“Even though G-d said you cannot eat from any tree…”
“Of course we can eat from any tree, save the one you now enjoy. For on the day we eat of it we shall surely die.”
“On that very day?”
“Yes. On that very day.”
“Not later perhaps?”
“No. On that day.”
The serpent spoke to the woman and told her that indeed she would not die, that her eyes would open, and that she would be like G-d knowing Good and Evil. The woman beheld the tree, its golden boughs and frondant billows of empassioned emerald. And the slick, pink fruit she could feast upon with her eyes alone. But eyes were not enough. The Serpent triumphantly stole away into the brush, leaving the woman feasting on the forbidden fruits.
“Now G-d shall cast her out and Adam shall be mine again.” She hissed, thinking all too fondly of tomorrow. In preparation for Adam’s return, she betook herself into seclusion for her deepest grooming yet, stepping out of herself once more leaving yet another glass mannequin standing tall. This was a deep and thorough molt, nourished by a hapless piglet and the wisdom fruit. And this molt left her skin ravishing in daring new shades and patterns she heretofore had never worn. Now she stood prettied for her beloved’s return. She slapped moss over the head of the shed husk and called the effigy ‘woman’ in mockery.
Later that evening, the light dimmed in the garden and strange creatures began to grunt and howl. Something was not right. Something the Serpent had not counted on. She peered into the couple’s woven hideaway in a mangrove thicket and saw Adam with his woman feasting on the forbidden fruit. She had given it to him! The Serpent darted away and howled, a banshee in the moonlight, belting a screeching, wretched howl that shook the earth and rocked the fearful couple in their shelter while the rinds yet fell from their lips. In that instant, the satan left her.
Now, what happened next is difficult to relate, but the world all around them simply slid away. You heard rightly. The trees, the banks, the rivers, the glens and gullies, along with the soft soil beneath their feet sped off, revealing under everything a single, sapphire sheet of glass upon which everything stood. As the universe above them continued to wheel, the crystal pane seemed to stretch infinitely in all directions; the hidden geometry of G-d behind all things had revealed itself.
The sprawling raqia, the breathless sky and the misty zodiac turned slowly overhead to the dull roar within the quietus of space, brightening as it approached the horizon in breathless blues. There they waited, Adam and his woman in their fig leaves, the Serpent, and her shed mannequin standing there as doltishly as the rest of them. And at last, to the tinkling chimes of cool eventide, whence the Great East opens her nighted gown to her dauntless lord the West, came forth the Voice of the Living G-d.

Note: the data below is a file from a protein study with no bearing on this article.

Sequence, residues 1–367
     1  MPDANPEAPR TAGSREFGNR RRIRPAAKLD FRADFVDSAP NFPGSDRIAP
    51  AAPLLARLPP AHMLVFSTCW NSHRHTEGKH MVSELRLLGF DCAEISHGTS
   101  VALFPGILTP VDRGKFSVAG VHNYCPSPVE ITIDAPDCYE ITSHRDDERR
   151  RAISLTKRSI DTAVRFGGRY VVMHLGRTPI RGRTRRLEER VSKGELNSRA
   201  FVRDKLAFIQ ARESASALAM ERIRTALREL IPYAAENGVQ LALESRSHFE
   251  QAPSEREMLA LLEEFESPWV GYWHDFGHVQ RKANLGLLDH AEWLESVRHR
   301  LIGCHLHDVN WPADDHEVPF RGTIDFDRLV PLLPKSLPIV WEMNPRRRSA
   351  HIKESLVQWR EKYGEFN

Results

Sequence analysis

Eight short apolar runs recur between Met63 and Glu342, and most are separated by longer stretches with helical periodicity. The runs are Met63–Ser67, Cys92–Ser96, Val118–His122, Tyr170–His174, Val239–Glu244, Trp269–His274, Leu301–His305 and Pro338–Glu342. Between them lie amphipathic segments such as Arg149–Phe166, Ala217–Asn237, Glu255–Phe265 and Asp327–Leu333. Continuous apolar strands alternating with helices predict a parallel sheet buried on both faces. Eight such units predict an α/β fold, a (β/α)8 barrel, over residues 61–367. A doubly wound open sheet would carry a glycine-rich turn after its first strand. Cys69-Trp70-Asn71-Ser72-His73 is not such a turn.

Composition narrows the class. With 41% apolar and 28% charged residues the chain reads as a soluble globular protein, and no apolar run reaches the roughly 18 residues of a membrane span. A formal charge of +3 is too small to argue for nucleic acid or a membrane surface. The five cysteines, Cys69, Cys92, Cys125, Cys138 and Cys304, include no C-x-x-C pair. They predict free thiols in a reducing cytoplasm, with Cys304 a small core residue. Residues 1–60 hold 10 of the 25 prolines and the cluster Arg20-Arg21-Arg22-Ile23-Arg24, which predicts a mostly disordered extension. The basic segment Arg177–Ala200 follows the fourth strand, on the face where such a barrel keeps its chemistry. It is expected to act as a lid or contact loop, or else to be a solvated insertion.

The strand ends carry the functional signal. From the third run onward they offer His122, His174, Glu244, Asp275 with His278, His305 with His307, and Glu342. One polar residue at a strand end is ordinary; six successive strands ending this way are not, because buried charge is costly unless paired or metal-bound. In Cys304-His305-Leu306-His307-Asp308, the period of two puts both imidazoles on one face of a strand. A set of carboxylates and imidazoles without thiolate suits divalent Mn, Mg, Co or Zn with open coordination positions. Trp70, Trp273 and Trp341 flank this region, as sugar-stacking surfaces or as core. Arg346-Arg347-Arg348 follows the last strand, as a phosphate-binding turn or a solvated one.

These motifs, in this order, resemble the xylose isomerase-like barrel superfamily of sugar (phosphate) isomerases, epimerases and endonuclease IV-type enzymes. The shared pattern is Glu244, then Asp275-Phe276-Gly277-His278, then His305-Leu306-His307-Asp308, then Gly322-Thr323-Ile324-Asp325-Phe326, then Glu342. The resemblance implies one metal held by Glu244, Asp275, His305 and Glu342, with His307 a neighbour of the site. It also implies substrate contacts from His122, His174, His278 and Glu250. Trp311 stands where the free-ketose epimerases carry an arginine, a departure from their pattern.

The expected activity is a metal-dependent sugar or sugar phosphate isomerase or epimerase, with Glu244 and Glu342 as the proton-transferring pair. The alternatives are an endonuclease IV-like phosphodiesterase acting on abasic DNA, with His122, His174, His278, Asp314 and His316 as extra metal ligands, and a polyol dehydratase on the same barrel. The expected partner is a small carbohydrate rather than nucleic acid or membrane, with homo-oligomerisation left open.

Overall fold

Explanations were given. Fault was cast. Accusations flew. But the Serpent remained silent and would not open her mouth. And then G-d approached her in the form of the Memra and scolded her, “they have become like us, knowing Good and Evil! Let us cast them out, lest they also take hold of the Tree of Life and live forever!”
A pair of russet cows were brought and brutally slain before their eyes, and the Man and Woman gripped one another in horror as geysers of blood gushed from slashed arteries amid helpless braying. A pool of scarlet waxed over and besmirched the glassy sea. G-d insisted they all watch. He walked over to the man and woman and rudely shucked them of their fig leaves and then tossed over their shoulders fetid skins, still hot and stinking with soiled hanks of matted hair. The woman whom we call our mother looked down, and behold: there ran a trickle of blood coursing down her thigh.
And G-d said to her, “Mark the blood of your cycle. You are not dying. Still yourself.”
Then, two ceruvim appeared on the far edge of the glassy plane, each looking severer than any beast of the Garden. Winged lions each, and they held enchanted sabers. The man and woman withered under their glowering stares.
“Go,” G-d commanded, pointing to the sentinels.
Driven off to people every yonder bourn, now Adam would live forever in tomorrow.
The two of them began to sulk away and depart between the cruel and forfending elohim, each with contempt in their overwhelming and pitiless eyes that repulsed them and set the furthest reach and voidest chasm between them and they. But just then, the Serpent ran after Adam, the patter of her feet on the sapphire sea echoing in the silence.
Adam turned from the woman to the Serpent and smiled fondly. His paramour reached up her lissome hands and stroked his beard and he, beholding her new and gambled wedding gown of many colors, each hue slashed fiercely across a luxuriant skin of midnight black velvet, knew that he had never seen her so lovely as now.”